The jobs report came in far under expectations and the markets sold-off hard at the open. Both the S&P500 and NASDAQ made new lows in early trade, putting an end to the rally attempt dating back to May 21st. This means we are at least four days from a legitimate buy-point. But given the headlines, I don’t expect market participants are ready to start buying equities with reckless abandon any time soon, so patience is the key.
The more interesting debate is if the market is shortable on this news. Are we on the verge of a cascade sell-off, or has a lot of the selling already occurred and we are in the process of forming a base before heading higher? The two things to consider are 1) has European turmoil and the feeble US economy actually caught anyone off guard and 2) is the market extended or compressed? The answer to those two questions will give us strong clues about the potential for a cascade sell-off.
Maybe I’m off base, but it seems like the news has reported Euro troubles and a pathetic domestic recovery for at least a couple of years, so I doubt the recent headlines are catching anyone off guard. The second aspect is we have long since sold-off from our March peak. Looking back to last July’s crash, we were coming from 52-week highs prior to the plunge. The sell-off over the last two months has taken a lot of potential energy out of the market. Many of the weak holders have already sold, leaving far less fuel for a sell-off this time around. Of course the thing about a panic sell-off is it can turn resilient bulls into weak-kneed worrywarts over a matter of days as the market crashes through support levels and triggers additional stop-loss selling. But so far I am encouraged by the floor the indexes are finding at the 200dma, indicating traders are not rushing for the exits…….yet.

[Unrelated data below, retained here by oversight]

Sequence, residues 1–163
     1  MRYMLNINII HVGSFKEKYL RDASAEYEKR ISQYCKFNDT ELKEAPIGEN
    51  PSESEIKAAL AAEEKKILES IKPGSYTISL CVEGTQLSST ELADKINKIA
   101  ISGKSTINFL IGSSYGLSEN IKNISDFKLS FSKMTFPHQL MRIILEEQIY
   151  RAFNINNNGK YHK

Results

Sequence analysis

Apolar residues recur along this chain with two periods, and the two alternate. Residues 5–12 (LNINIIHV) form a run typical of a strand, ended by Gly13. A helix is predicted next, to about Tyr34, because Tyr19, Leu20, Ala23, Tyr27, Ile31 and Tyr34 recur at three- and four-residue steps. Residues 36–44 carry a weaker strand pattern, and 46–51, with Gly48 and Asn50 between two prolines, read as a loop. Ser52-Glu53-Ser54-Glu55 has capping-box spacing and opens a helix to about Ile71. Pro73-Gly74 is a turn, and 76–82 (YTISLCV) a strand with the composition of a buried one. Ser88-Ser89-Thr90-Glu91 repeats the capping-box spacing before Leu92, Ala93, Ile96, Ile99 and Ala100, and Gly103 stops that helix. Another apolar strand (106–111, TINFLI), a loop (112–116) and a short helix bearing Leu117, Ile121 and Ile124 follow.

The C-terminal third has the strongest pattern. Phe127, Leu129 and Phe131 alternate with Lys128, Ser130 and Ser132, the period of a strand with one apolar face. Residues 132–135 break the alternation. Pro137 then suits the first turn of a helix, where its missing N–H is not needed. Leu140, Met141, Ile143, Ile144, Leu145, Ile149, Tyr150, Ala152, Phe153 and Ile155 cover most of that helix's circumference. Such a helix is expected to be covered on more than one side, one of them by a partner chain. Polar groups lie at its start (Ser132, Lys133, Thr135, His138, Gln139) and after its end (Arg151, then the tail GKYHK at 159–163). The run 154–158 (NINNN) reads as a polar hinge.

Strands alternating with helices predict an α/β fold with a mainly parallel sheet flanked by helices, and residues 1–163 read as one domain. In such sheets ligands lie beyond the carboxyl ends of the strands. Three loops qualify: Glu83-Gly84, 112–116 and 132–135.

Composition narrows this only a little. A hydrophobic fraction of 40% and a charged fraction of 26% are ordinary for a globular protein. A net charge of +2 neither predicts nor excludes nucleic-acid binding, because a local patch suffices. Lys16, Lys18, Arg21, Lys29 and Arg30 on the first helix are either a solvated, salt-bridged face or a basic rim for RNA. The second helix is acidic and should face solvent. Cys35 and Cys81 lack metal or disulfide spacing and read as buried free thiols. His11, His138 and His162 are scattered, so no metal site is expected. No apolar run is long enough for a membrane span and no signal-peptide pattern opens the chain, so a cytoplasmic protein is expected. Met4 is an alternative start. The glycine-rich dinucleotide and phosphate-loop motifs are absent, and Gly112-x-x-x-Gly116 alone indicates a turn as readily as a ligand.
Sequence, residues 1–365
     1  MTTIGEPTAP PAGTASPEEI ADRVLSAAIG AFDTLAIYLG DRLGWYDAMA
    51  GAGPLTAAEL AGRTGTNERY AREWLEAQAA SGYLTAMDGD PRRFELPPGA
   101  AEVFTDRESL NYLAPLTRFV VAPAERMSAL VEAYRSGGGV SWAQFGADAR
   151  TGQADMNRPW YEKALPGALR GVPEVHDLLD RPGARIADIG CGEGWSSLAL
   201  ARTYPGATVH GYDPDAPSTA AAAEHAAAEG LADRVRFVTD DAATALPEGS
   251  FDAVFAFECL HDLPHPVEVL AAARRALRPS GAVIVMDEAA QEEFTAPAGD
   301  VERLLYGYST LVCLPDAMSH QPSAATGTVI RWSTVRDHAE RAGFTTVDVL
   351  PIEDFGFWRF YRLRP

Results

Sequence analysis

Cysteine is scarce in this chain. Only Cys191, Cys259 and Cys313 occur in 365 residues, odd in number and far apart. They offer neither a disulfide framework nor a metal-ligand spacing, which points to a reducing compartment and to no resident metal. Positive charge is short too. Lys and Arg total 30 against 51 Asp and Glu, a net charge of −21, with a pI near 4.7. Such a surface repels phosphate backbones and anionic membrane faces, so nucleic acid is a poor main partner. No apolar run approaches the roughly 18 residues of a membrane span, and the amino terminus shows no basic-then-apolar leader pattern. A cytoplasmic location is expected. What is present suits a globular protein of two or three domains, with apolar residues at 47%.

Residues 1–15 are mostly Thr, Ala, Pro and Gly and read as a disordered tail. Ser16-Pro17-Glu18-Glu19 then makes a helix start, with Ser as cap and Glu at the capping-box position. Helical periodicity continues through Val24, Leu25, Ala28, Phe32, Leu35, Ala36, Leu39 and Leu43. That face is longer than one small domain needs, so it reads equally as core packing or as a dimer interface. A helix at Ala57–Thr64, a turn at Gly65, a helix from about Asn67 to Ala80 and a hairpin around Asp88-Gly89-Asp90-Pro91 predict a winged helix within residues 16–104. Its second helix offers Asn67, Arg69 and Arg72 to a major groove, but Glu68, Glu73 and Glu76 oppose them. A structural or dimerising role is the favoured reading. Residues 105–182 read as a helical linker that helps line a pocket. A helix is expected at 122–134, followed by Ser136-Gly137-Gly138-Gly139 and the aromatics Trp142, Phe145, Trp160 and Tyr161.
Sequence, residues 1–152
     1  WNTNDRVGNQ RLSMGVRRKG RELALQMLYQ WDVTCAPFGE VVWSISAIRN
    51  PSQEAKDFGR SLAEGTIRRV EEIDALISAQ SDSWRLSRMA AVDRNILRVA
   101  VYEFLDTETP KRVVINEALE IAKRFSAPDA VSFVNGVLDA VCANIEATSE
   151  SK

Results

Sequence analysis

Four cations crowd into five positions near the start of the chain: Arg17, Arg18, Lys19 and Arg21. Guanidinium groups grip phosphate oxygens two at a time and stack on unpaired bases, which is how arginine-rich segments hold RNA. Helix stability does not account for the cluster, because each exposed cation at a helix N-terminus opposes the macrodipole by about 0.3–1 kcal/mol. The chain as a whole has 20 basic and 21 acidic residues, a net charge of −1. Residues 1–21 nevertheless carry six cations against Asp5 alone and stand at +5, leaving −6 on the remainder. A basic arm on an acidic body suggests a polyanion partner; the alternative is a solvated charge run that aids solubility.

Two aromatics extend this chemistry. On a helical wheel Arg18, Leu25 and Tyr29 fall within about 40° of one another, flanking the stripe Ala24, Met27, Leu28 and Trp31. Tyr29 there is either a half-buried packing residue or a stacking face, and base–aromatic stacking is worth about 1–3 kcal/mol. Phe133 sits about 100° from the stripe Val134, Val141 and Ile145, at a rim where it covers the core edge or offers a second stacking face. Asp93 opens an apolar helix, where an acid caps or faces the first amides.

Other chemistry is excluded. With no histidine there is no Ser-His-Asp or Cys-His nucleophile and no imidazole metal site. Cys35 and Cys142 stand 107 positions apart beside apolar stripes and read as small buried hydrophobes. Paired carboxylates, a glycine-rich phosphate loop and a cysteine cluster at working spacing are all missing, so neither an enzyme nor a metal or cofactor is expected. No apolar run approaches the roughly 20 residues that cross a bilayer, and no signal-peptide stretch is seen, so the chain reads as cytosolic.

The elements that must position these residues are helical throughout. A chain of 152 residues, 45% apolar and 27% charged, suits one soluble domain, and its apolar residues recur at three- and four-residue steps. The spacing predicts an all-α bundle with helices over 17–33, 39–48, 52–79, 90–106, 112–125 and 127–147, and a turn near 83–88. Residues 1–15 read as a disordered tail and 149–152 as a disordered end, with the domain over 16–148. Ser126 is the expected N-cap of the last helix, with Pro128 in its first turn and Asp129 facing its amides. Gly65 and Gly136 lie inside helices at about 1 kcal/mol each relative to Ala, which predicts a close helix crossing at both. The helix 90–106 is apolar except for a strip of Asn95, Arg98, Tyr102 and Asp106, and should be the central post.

But as we flirt with the 200dma, it wouldn’t surprise me to see the market dip under, triggering all the stop-losses sitting at this level. The question is how much lower do we go if we break through. Do we just poke our head under? Do we drop to 1257 to go flat for the year? Or do we fall all the way to 1200? I find 1200 the least probable outcome without a new catalyst pressuring the markets. A slowly growing US economy and European infighting is already priced in the markets. But actual US job losses and economic contraction could spook traders. Same goes with a fatal breakdown of European negotiations. But for the trader, both of these would most likely trigger temporary dips as it flushes out all the pessimists and weak holders. The lower we go, the bigger the bounce will be.
As for Greece, booting them out of the Euro might initially trigger a sell-off, but it could bounce shortly after as the initial panic transitions to relief that the Euro is actually stronger without Greece.
As for individual stocks, the best performing stocks as of late are getting smacked down. LQDT, SWI, CRUS, and TRIP are all selling off hard after making recent 52wk highs. During a market correction, resist the temptation to buy stocks showing great strength because they are far more vulnerable to broad market weakness. All of these stocks have shown unusual strength recently, but in a market correction that simply makes them good watch-list candidates, not buy candidates.
Jani Ziedins (pronounced Ya-nee) is a full-time investor and writer who has successfully traded stocks and options for more than a decade. He earned a B.S. in Mechanical Engineering from the Colorado School of Mines and an MBA and M.S. Marketing from the University of Colorado Denver. His prior professional experience includes manufacturing engineering at Fortune 500 companies, structural engineering, small business consultant, collegiate instructor, and managing investment real estate. He is now fortunate enough to trade full-time from home, affording him the luxury of spending extra time with his wife and two young children.